The Holy See Press Office will stay as a direction, as the statutes say. Speaking with journalists, Gisotti said it is evident that a Papal trip will be announced by a declaration of the Holy See Press Office director, as it will be an official response to questions by journalists.

In an interview granted to Vatican News, Matteo Bruni, the new Holy See Press Office director, underscored the great work he did with journalists during the last years. He has been a sort of liaison between the Press Office and the journalists, especially for the organization of the Papal trip. It will not be possible to assimilate his job to that of a spokesperson, as it happened for Joaquin Navarro Valls, Fr. Federico Lombardi and Greg Burke.

Bruni is the first non-journalist of the modern era at the helm of the Holy See Press Office. He is called to coordinate and manage a Press Office that has a regulation finally. During his months of interim, Gisotti took charge to write a statute. Gisotti also promoted the new organizational chart: Romilda Ferrauto as senior advisor, Raul Cabrera Perez, and Sr. Bernadet Reis as assistants of the director, Thaddeus Jones as office manager.

The international team is intended to cover the most critical linguistic area and to fill some structural lacks. It is noteworthy that the group was composed of internal resources: all of the staff come from the Vatican Radio ranks. They know the machine and the Vatican mentality, but they also know how to relate with journalists.

In the end, all the staff of the Dicastery for Communication was raised and nurtured within the Holy See, but the top officials: nor Paolo Ruffini, prefect of the Dicastery, nor Andrea Tornielli, editorial director, ever worked in the Vatican before, and neither did Andrea Monda, director of L’Osservatore Romano, who must be considered part of the team of Communication.

This new structure completes the path of the reform. This path began with the committee chaired by Lord Christopher Patten, went on with another commission and step by step made concrete with the establishment and shaping of the Dicastery.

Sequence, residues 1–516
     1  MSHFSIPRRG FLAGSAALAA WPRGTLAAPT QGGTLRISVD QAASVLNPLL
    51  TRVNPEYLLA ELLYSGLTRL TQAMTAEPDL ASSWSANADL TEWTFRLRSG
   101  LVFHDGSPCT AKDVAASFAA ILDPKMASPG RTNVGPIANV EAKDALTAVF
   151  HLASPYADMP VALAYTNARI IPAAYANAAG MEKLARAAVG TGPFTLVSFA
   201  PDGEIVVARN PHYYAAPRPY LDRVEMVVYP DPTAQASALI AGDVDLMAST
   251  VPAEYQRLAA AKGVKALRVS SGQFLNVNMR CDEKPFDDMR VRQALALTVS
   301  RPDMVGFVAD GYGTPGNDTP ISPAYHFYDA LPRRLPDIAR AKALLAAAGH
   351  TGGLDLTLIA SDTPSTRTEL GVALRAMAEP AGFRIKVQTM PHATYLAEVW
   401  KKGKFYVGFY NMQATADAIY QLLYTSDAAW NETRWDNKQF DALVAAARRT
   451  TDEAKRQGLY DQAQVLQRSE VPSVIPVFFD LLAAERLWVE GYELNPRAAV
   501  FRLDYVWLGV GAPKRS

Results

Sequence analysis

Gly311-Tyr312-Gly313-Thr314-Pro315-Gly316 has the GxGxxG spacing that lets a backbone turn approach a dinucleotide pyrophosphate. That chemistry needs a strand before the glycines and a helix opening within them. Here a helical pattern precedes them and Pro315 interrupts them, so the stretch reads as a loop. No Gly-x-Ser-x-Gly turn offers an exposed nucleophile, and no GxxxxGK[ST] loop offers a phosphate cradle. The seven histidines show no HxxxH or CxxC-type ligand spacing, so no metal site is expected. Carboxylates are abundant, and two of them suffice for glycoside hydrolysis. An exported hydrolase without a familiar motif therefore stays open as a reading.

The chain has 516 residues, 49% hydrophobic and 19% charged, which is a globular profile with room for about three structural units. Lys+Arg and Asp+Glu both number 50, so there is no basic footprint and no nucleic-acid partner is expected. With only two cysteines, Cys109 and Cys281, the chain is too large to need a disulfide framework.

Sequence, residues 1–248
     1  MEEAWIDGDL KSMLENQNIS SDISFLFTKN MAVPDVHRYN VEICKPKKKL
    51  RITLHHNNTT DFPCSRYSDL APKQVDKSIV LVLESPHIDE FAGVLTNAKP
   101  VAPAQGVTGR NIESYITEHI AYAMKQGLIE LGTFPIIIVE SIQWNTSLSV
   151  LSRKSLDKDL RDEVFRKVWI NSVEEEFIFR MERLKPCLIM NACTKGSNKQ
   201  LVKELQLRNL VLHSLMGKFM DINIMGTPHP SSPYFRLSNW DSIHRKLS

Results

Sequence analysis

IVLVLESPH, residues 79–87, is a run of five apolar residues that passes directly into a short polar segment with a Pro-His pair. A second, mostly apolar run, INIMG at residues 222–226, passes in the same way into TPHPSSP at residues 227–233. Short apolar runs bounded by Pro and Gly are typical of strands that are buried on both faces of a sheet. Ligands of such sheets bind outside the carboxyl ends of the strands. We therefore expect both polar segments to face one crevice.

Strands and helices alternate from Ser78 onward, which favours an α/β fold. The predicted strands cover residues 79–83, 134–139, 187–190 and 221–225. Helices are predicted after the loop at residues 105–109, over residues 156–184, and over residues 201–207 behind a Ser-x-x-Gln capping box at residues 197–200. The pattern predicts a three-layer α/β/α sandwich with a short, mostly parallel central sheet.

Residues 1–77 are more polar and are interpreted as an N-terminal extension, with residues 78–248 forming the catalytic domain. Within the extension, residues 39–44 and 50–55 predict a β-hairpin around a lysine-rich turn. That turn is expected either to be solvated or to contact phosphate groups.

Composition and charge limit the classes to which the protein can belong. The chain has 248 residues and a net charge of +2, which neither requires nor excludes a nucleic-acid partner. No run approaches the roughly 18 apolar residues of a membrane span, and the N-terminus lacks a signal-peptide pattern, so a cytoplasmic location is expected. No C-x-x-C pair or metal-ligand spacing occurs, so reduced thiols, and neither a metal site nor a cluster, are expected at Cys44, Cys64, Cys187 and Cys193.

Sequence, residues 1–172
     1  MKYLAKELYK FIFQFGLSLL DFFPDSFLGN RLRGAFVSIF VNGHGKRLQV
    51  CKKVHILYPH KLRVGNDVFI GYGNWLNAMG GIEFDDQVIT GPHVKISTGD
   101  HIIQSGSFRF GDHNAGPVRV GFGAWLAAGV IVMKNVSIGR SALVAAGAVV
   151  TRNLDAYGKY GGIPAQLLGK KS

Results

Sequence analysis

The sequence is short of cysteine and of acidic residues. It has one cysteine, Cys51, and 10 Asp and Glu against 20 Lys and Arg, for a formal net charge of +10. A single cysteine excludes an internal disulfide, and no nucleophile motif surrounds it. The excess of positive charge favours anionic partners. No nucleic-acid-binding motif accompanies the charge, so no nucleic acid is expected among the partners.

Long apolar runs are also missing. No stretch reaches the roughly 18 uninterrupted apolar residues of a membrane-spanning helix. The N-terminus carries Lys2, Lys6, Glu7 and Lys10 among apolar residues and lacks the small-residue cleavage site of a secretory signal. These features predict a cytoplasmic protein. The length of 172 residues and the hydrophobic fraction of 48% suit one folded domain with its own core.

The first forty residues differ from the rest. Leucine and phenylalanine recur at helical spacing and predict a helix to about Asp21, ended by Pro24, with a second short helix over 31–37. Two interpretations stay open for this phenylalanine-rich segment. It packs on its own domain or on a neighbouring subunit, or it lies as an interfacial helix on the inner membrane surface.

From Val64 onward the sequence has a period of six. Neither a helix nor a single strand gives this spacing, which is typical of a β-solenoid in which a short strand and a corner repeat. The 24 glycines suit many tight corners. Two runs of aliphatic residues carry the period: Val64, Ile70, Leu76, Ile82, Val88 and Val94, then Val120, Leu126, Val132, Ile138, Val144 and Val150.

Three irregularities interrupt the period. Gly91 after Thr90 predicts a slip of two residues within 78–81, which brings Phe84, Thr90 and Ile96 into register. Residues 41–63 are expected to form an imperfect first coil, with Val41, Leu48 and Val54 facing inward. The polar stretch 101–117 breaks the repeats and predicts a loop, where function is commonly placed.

The rationale of the reform was not just that of unifying all the media departments, but rather to create a real ministry that took care both of pastoral and news.

Next step of this reform will be the transfer of the L’Osservatore Romano offices outside of the Vatican Walls, in the same building where Vatican Radio / Vatican News office is. The transfer was planned long before. It is intended to have all the media office working together in the production of contents.

The transfer is also symbolic. It tells of a detachment of the Holy See communication from the Vatican City State. The detachment began with Paul VI decision to establish the Holy See Press Office outside of the Vatican Walls, moving it out of the rooms of L’Osservatore Romano.

Another clue of this detachment is the increasing marginalization of the Secretariat of State. The Holy See Press Office had always been under the Secretariat of State umbrella.

Vatican communication is, thus, institutional communication with an international perspective and firmly centered on the words and the image of the Pope. This communication is less self-referential when it communicates the Holy See activities. However, it risks being self-referential when it tells about Pope Francis and his gestures.

Indeed, the era of the Vatican spokesperson with direct access to the Pope or his entourage is over. The Holy See Press Office ceases to be the central reference point of Vatican communication. Perhaps, not even the editorial direction is the primary reference point. Probably, the only main reference point is now just the Pope.